I look up to see Conny at the top of the waterfall assessing our predicament. “Save José, then get to me,” I yell up to Conny. He rappels down to José and I begin working on a second, more secure bolt. At this point the frequent, yet unpredictable encounters with the waterfall have become just a nuisance. I’m cold and miserable, but determined. Conny gets his first hit, with poor José at his side. “What the fuck are we doing here!” He yells, which somehow perfectly describes the mess we are in.

José suddenly let’s out a piercing scream and I look up in time to see him falling toward me. He then pendulums underneath Conny; the two of them are tethered together. Conny had no choice but to cut the rope José was on in order to transfer him to the other line. They lower toward me and secure themselves to the immaculate bolt I had just finished placing. We’re reunited, but the success of it is fleeting. José is bleeding all over the three us from a huge gash on his thumb. No matter, once again we’re cleansed.

The ledge I had spotted earlier is only a few metres away, but to get there we have to traverse through wet mud, rock, and grass. With the short piece of José’s rope that Conny had cut tied to the tail end of our long rappel line there is enough for me to lead out to the dry ledge. I get there without incident and drench myself in the warm sun. My reverie is broken when Conny reminds me to “hurry the fuck up, and get that bolt in!”

A fixed line is created between the two bolt stations. We now have to somehow get José across. He is borderline hypothermic, can barely use his right hand, doesn’t know how to climb, and is scared shitless. It seems to take forever, but with the combination of Conny pushing/supporting José and me pulling, he makes it. Conny follows and finally we are all free from waterfall tyranny!

José is shaking uncontrollably. The relentless cold and perpetual water torture have taken their toll on him. Conny and I strip him down out of his wet wetsuit and we’re able to start a small fire from the bushes surrounding the ledge we’re on. He recovers fairly quickly and the supplies in his pack elevate all of our spirits: cigarettes and Oh Henry bars!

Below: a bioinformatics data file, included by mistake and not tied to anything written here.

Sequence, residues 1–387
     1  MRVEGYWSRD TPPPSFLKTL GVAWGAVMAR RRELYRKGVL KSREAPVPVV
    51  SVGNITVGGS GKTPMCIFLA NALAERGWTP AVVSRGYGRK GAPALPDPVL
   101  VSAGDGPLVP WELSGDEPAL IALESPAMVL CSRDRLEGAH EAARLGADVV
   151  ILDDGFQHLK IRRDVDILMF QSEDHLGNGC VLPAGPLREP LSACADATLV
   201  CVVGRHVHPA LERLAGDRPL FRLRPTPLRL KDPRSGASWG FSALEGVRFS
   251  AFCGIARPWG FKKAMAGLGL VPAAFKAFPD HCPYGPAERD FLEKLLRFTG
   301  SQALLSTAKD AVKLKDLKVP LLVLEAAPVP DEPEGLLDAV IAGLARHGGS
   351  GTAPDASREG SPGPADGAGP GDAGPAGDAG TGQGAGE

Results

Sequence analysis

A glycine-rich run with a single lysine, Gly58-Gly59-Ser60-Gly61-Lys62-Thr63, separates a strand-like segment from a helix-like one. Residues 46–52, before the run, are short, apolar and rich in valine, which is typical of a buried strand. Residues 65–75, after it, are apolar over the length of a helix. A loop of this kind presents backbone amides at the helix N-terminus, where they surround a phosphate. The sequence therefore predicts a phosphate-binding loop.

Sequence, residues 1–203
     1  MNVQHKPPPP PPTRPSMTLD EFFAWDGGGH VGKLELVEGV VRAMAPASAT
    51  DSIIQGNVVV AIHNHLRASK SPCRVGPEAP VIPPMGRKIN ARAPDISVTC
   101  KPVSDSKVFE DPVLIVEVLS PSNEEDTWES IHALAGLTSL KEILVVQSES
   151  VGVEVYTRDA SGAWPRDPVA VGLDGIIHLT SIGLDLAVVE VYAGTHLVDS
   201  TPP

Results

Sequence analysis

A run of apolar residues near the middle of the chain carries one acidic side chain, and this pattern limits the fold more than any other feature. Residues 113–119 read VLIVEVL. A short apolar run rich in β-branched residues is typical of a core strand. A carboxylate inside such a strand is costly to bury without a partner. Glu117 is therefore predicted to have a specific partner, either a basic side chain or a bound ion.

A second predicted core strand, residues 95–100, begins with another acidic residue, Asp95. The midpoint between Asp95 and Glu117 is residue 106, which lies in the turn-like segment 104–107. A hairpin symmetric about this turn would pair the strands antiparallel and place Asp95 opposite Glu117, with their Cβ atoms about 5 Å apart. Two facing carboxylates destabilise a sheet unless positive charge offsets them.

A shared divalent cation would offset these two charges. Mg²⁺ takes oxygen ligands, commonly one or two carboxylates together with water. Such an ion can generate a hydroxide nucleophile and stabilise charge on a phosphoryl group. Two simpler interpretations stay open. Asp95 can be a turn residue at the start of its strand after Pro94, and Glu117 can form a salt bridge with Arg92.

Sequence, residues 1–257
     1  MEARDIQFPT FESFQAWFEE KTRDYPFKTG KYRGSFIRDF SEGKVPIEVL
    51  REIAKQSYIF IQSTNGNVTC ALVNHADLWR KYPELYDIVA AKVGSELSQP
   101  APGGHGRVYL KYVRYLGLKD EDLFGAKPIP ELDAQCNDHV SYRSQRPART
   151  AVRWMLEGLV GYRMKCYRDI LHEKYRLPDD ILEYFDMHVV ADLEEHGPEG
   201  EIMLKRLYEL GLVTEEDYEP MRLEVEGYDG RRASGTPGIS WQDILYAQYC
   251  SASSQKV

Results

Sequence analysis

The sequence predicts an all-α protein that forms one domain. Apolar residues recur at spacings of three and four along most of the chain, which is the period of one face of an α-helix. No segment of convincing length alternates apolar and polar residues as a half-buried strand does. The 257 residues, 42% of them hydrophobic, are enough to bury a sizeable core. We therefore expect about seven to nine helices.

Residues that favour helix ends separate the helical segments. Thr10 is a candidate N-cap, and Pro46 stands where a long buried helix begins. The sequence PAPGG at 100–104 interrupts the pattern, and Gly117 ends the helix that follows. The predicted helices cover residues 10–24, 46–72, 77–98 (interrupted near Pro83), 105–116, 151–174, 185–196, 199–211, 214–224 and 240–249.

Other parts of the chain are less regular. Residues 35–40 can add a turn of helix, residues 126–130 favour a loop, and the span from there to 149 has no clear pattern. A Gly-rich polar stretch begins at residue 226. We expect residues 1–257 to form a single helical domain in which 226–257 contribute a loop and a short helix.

Now what. With a smoke each, we contemplate our escape while sharing 1 of the 6 bars we brought with us. We’re essentially stranded on a ledge that is about 3ft x 6ft. The line Conny and I used for rappel, which is fastened to the first anchor I built, is our only way out. But it means ascending a wet rope through that bitch of a waterfall. There’s no chance José can do it and neither Conny or I want to. We decide that Conny will ascend, take the trail back down to town, taxi back to Cuzco, find longer ropes, come all the way back, and then rappel back to us, but well away from the waterfall. But all of this will have to wait until morning; the sun is disappearing fast.

We spend the next 10 hours feeding a meagre fire with diminishing twigs and grass, spooning each other to share the wealth of warmth. Consciousness fades in and out; the persistent roar of falling water haunting our dreams. Eventually the sky begins to lighten, the sun’s energy cannot penetrate our bones any sooner. We prepare for Conny’s epic ascent; I’m a little uneasy being left alone on this ledge for the day.

We hear someone calling out to us from the valley bottom. He’s surprisingly yelling in english; we strain to hear his words. “… do you need help!?” Conny and I look at each other, look at José, look at the fixed line currently being doused by the waterfall, then look back down. “YES!”

Next: Part 3 – Rescue